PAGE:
ARCH17 aims to offer an insight into gained knowledge and research projects that focus on the issues of health, care and architecture as a field of research that aims not only to improve the quality of buildings but also their socio-cultural effects. The changing contexts of healthcare delivery has been addressed which include current changes in the demographic landscape, and growing population living with chronic conditions as well as related political and economic pressures upon healthcare programs.
While there has been an increasing focus upon patient-centred care coordination profoundly questioning the system and organisation of service structures, the built environment remains to be an essential factor highlighting its potential to support health and well-being of persons.
Therefore, this 3rd conference aims to bring researchers and practitioners from across disciplines and countries together to present findings and exchange gained knowledge and experiences; and yet it importantly adds another dimension to the previous two conferences: The conference introduces universal design.
Opening dialogues with Evidence-Based Design, this introduction of new design strategy aims to provide an insight into the way that differences, vulnerability and sensitivity may lead to environments with more potential. Environments that is inclusive and supportive.
Accordingly, it is the intension of the organisers to cover diverse range of topics across the different scale of involvement within the three overall themes and including, but not limited to, the following topics:
- Supporting Environment and Inclusive Architecture
- Sensory experience, Atmosphere and the Material Environment
- Care for Elderly, Dwelling and Dementia
- Chronic illness and extended care –palliative care and hospice
- Healthcare delivery system: users, management and policy
- Health and Urban Design
- Design strategy and Education
Body and Built Environment
The built environment remains to be an essential factor in the healthcare coordination. And yet it is one (of many) essential projection of caring environments that may affect the better health and well-being of persons. Other projections include mediating phenomena such as indoor climate represented by daylight penetration, acoustics and pleasant views; as well as access to the outdoor spaces. Both Evidence-Based Design which predominantly used in a health context and universal design in the context of disability address these various contextual factors in relations to diverse health condition, ability and experience of individuals; however as social beings. The conference welcome research papers on the impact of the built environment and other mediating phenomena upon the different kinds of bodily processes of patients but also of caregivers in the various context of spatial networks, which include places such as home (-care) environment for persons with dementia.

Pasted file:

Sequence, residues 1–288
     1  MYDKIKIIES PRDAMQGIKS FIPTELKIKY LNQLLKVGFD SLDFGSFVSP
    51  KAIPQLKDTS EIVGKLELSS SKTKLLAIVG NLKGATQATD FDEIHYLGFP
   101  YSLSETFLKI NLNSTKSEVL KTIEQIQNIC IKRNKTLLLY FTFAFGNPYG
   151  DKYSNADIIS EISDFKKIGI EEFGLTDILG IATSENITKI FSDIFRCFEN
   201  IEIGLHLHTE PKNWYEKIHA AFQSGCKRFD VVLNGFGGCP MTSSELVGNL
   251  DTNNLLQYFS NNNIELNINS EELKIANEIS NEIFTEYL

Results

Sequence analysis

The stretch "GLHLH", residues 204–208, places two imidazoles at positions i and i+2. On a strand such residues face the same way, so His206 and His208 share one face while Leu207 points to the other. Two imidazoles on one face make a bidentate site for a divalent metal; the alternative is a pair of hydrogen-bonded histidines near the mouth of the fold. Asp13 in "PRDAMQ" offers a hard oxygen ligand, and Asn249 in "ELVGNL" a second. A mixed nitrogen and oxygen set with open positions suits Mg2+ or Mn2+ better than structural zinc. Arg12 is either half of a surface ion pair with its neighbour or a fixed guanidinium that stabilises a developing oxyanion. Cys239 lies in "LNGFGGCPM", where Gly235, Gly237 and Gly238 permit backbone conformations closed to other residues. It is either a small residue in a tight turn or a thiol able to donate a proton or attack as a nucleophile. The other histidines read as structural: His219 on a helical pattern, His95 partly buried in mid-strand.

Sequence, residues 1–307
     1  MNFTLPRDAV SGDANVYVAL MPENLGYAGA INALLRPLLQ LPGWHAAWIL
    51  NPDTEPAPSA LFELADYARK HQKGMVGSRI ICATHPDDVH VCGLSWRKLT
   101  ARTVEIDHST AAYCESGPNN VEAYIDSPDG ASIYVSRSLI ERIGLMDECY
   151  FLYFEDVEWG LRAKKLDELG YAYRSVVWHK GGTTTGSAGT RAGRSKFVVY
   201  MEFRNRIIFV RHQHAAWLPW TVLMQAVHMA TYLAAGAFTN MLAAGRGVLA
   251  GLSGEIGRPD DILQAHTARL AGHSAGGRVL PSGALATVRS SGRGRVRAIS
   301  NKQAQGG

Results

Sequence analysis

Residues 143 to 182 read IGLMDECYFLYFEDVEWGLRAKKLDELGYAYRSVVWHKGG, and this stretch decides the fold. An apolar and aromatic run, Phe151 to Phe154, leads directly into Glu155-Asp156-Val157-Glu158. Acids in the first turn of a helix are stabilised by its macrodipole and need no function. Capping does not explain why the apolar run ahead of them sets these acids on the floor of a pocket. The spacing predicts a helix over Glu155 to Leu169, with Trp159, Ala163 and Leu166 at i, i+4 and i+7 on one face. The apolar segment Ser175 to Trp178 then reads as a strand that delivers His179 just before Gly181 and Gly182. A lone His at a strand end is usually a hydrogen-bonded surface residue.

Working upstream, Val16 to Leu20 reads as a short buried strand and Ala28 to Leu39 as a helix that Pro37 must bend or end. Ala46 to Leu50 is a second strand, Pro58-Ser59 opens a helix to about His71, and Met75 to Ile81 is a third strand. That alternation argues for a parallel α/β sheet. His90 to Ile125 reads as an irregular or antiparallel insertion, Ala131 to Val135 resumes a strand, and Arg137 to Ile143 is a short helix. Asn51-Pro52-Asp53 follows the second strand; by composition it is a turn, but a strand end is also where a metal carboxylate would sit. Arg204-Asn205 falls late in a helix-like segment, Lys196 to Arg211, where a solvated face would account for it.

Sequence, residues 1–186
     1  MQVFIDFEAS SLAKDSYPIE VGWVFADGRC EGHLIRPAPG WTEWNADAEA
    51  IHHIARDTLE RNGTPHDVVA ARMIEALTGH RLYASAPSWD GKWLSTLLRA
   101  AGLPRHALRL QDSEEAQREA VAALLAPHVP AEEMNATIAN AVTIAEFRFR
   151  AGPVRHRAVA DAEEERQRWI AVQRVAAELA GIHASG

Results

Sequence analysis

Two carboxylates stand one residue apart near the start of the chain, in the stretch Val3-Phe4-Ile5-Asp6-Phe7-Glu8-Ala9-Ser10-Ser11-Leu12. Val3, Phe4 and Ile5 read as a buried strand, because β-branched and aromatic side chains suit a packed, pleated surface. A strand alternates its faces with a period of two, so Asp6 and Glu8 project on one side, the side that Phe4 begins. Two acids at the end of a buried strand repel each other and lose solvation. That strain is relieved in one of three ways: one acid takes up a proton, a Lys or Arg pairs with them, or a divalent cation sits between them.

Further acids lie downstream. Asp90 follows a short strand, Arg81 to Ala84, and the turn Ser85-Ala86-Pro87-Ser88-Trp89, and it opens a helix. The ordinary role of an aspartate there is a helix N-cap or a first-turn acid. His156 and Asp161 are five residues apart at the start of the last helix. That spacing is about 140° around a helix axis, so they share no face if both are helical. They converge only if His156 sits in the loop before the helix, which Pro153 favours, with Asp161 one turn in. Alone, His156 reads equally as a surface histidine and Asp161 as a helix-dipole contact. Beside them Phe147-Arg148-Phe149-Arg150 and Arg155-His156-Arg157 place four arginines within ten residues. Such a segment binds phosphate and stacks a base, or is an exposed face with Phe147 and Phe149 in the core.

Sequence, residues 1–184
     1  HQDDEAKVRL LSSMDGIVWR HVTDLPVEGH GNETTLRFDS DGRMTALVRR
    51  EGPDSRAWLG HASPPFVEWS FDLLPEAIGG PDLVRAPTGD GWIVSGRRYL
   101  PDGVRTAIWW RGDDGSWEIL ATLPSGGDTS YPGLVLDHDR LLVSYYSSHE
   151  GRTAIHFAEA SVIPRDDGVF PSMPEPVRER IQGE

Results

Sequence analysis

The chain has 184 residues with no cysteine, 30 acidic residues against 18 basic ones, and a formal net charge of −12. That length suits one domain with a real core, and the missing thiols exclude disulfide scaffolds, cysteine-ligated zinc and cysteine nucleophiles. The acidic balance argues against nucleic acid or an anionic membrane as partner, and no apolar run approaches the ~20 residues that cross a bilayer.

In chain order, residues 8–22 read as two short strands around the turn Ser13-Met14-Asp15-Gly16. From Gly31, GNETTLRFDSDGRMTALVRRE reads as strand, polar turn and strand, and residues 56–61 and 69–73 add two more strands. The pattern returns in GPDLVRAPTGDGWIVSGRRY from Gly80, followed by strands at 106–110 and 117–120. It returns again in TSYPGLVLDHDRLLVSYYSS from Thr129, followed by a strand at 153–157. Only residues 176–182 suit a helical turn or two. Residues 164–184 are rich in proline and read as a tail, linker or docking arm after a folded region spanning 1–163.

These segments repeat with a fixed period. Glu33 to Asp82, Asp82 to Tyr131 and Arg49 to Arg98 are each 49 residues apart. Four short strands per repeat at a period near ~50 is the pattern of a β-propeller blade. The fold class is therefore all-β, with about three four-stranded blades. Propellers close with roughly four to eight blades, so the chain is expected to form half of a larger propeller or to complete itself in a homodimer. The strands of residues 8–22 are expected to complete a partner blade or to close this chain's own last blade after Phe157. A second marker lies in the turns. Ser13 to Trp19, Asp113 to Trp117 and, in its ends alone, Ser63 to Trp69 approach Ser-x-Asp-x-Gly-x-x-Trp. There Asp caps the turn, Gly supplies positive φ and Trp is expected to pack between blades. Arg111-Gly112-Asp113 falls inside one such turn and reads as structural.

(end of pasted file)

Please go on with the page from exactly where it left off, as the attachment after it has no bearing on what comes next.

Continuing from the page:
Users and design methods
Contemporary approach to healthcare delivery that put emphasis on patient-centred care coordination looks at social and healthcare service structure much more holistically. Healthcare is seen across (a) multiple healthcare settings throughout the continuum of care: primary care, hospital care and post-acute care, including the provision and management of palliative care and hospice. Hence the process of healthcare delivery, service structures, strategy for care management, and related urban planning and strategy must be reviewed. Besides, such a healthcare delivery model must, ideally, provide the needed care where and when the patient and family requires the care: empowering the end-users of care services. In order to spatially accommodate this turn towards patient- and family- centeredness, however, architecture and design environment must also take an essential role. This user centeredness is an essential drive of both Evidence-Based Design and universal design. These process-orientated research and design methods include users in various ways in different stages; and progress design of care environment immensely. And yet, there are needs for scrutinising these (and other) design methods as well as assessing their operationality into the design process of home care environments and healthcare institutions.
Societal changes and healthcare policy
The healthcare reform – involving changing models of care, care service strategy, physical transformations of care facilities – should also be looked at in a long perspective, understanding the need for adaptability and flexibility. Healthcare buildings have large impact on the environment, and services (including providers such as caregivers) have an essential role in realising inclusive and resilient societies; and they are inevitably a matter of politics and economies. The healthcare reform is increasingly complex and has many stakeholders involved. Accordingly the conference seeks knowledge upon social and healthcare policy and care service strategy. Administration, of financial performance and services’ operational efficiency is also important. At the same time, real estate values with longer term perspectives and sustainable interests must be monitored and evaluated.